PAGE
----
At Iran-Afghanistan-Pakistan summit, a show of unity


Afghanistan's President Hamid Karzai, Pakistan's President Asif Ali Zardari and Iranian counterpart Mahmoud Ahmadinejad put on a display of unity Friday at a trilateral summit in Islamabad. (AAMIR QURESHI/AFP/Getty Images)
February 17, 2012

At one end of the flower-festooned table sat the president of Iran, Mahmoud Ahmadinejad, perhaps the world’s most relentless America basher.

At the other end sat Hamid Karzai, Afghanistan’s leader, who owes his government’s survival to the United States.

And in the middle was Pakistani President Asif Ali Zardari, whose country’s complex relationship with Washington swings from pole to pole.

If any conflict exists among the chief executives of the three neighboring Islamic nations, it certainly was not apparent Friday at the close of a two-day trilateral summit in Pakistan’s capital. At a news conference that Zardari hosted in his splendid official residence, the theme was fraternal unity as the trio pledged to work for peace and prosperity in a region racked by war and terrorism.

“When brothers join their hands together, certainly the hands of God will assist them,” Ahmadinejad said at the news conference, which he dominated with windy disquisitions against “outside powers,” the United States presumably among them.

“They have targeted our region for their domination and hegemony. . . . We should deny others the opportunity to interfere in our affairs,” he said. “All problems are coming from the outside.”

His government is under severe sanctions and a threat of attack from Israel for its nuclear program, but Ahmadinejad played down the importance of a nation having nuclear weapons. That, he said, “is not going to bring about superiority.”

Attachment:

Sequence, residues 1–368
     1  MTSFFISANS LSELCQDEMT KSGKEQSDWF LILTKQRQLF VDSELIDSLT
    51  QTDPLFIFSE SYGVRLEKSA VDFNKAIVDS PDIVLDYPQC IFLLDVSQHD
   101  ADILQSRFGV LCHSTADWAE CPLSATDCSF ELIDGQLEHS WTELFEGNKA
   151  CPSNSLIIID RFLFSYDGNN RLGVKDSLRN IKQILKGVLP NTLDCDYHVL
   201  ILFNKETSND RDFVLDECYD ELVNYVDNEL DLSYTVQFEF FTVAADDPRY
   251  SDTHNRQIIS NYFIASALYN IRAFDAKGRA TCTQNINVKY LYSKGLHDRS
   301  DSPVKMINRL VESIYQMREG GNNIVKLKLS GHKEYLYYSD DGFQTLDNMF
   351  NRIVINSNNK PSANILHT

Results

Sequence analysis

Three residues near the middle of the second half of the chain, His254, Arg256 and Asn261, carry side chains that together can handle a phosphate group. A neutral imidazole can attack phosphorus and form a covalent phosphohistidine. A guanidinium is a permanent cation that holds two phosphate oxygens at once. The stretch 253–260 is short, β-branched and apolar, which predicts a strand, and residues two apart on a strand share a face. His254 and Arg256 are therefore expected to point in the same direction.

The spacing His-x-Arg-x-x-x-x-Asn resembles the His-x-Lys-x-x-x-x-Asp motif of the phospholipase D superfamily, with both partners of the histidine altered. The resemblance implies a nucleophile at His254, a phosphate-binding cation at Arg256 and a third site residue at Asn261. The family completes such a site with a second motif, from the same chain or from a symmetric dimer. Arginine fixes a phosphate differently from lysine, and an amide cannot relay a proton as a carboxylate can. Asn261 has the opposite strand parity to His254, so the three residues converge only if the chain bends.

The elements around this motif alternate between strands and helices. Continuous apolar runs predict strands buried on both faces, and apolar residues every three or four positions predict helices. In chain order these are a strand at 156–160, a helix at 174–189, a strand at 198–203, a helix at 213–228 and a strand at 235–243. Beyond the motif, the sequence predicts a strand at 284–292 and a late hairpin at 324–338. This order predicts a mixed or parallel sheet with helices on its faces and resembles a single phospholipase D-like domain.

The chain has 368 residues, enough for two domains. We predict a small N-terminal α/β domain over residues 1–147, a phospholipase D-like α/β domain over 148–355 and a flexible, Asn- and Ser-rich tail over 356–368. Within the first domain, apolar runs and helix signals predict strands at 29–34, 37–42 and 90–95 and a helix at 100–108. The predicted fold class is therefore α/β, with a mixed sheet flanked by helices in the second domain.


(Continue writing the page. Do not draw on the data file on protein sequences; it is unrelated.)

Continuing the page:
Evidently referring to nuclear-armed Pakistan, he added, “The foundation of our political relationship is humanitarian and is based on common cultural values.”

The only public sign of friction at the summit concerned the long-alleged ties between Islamist militants and Pakistan’s military and intelligence service. Afghan officials have called Pakistan an impediment to a negotiated peace with the Taliban because it harbors insurgents who are at war with Karzai’s government. Separate bilateral talks between Karzai and Zardari were meant to smooth tensions, but no declarations of progress emerged.

Karzai’s comments at the news conference reflected the sense that cloudy goals and overall uncertainty have dogged the nascent peace efforts.

“What we need now is to formulate a policy that is actionable and implementable, and actually act upon it,” Karzai said.

Surrounded by reporters after the presidents spoke, Pakistani Foreign Minister Hina Rabbani Khar said it would be “unrealistic” and “preposterous” for Afghanistan to expect that her country could somehow arrange for Taliban leader Mohammad Omar to join the reconciliation negotiations.

Earlier, the news conference was cut off after one reporter tried to inquire about the Taliban. But in the back of the palatial hall, the cameramen were not satisfied. “Shake hands, shake hands,” some shouted at the presidents.

And, quite dutifully, the leaders of the embattled nations of Iran, Pakistan and Afghanistan did just that.

Richard Leiby is a senior writer in Post’s Style section. His previous assignments have included Pakistan Bureau Chief, and reporter, columnist and editor in Washington. He joined The Post in 1991.
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